recognition and its applications, in Transactions on computational science.
2011, Springer. p. 256-277.
5.Lang, P.J., M.M. Bradley, and B.N. Cuthbert, International affective
picture system (IAPS): Affective ratings of pictures and instruction
manual. Technical report A-8, 2008
Three machine learning algorithms were used to predict the numeric
values of each emotion category:
IBk (K-nearest neighbours classifier),
Random Forest (classifier constructing a forest of random trees)
RepTree (Fast decision tree learner).
We used 10 fold cross validation in our test phase.
In this study, we investigated the predictability of facial micro-
expressions from EEG signal.
Our methodology and experimental design insured a reliable dataset.
From this dataset, EEG-Based facial expression models were extracted
with high accuracy .
In the future work, we will integrate our affective models in a real-
time application to support adaptation in an intelligent tutorial system.
Introduction Results
Predicting Spontaneous Facial Expressions from EEG
Mohamed S. Benlamine1, Maher Chaouachi1, Claude Frasson1 and Aude Dufresne2
1Computer Science and Operations Research Department, University of Montreal
2Communication Department, University of Montreal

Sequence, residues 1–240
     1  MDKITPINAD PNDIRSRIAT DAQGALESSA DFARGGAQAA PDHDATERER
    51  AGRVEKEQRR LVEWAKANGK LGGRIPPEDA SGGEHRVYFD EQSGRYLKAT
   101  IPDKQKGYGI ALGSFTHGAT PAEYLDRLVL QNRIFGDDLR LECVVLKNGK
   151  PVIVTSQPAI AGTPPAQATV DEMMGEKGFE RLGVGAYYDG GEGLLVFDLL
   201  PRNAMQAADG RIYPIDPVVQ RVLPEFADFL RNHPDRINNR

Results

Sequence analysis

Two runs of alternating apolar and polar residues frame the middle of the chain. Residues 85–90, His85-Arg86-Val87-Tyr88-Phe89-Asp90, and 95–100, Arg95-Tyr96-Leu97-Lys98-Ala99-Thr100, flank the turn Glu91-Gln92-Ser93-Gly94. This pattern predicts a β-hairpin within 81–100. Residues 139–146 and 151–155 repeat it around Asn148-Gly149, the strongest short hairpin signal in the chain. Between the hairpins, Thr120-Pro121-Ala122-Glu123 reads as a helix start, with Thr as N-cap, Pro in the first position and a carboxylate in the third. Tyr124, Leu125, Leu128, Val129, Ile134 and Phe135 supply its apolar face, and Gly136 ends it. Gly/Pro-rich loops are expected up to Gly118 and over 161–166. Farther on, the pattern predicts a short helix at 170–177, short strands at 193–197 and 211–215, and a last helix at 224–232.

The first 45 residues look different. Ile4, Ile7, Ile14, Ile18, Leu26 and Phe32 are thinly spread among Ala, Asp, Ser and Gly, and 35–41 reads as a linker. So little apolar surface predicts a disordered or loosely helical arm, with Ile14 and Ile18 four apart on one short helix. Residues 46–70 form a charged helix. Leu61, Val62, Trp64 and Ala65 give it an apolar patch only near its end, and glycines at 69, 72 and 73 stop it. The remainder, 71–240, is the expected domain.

Random Forest outperforms IBk (k=1 neighbour) and RepTree
methods with higher correlation coefficient and lower error rates for
all emotion categories.
Our approach provides a simple and reliable way to capture the
emotional reactions of the user that can be used in intelligent tutorial
systems, learning, games, neurofeedback, and VR environments.
Emotion
IBk
Random Forest
RepTree
CC
MAE
RMSE
CC
MAE
RMSE
CC
MAE
RMSE
Joy
0.8528
0.0174
0.0545
0.9076
0.0225
0.0483
0.7174
0.0298
0.0702
Anger
0.8794
0.0518
0.0907
0.9216
0.0534
0.0753
0.8282
0.0684
0.1041
Surprise
0.854
0.0163
0.0395
0.8965
0.0175
0.0346
0.757
0.024
0.0484
Fear
0.8891
0.0431
0.075
0.9164
0.0477
0.0686
0.7754
0.065
0.1015
Neutral
0.8741
0.0537
0.1
0.9074
0.0639
0.0927
0.7428
0.0849
0.1352
Contempt
0.79
0.0341
0.0664
0.8526
0.0351
0.0575
0.6307
0.0488
0.0807
Disgust
0.8792
0.0316
0.0585
0.916
0.0327
0.0504
0.6307
0.0488
0.0807
Sadness
0.8892
0.0311
0.0628
0.9203
0.0341
0.0552
0.827
0.0443
0.0759
Positive
0.8528
0.0518
0.105
0.9124
0.0582
0.0869
0.7591
0.0765
0.1266
Negative
0.8569
0.0998
0.1608
0.9034
0.1052
0.1362
0.797
0.1264
0.1834
Figure 1: Pipeline of dataset construction for EEG-
based Facial Expressions recognition
Table 1. The computed Features from EEG Signals
F r e q u e n c y
-
d o m ai n E E G
F e a t u re s
(5 F e at u r e s
)
d e l ta [ 1
4 H z [ , th e t a [ 4 8 H z [,
a l p ha [ 8 1 2 H z [, be ta [ 1 2 2 5 Hz [,
a n d gam m a [ 2 5 4 0 H z [
T i m e
- d o m a i n
E E G Feat u r e s
(1 2 Fe a t u res )
M e a n
, S t a nd a rd E r ro r, M e d i a n ,
Mo d e , Sta n d a rd D ev i a ti o n , S am p l e
Va r i a n c e
, K u r to s i s , S ke w ne s s,
R a n g e
, M i n i m u m , M a x i m u m a n d
S u m
Emails: ms.benlamine@umontreal.ca | chaouacm@iro.umontreal.ca | frasson@iro.umontreal.ca | aude.dufresne@umontreal.ca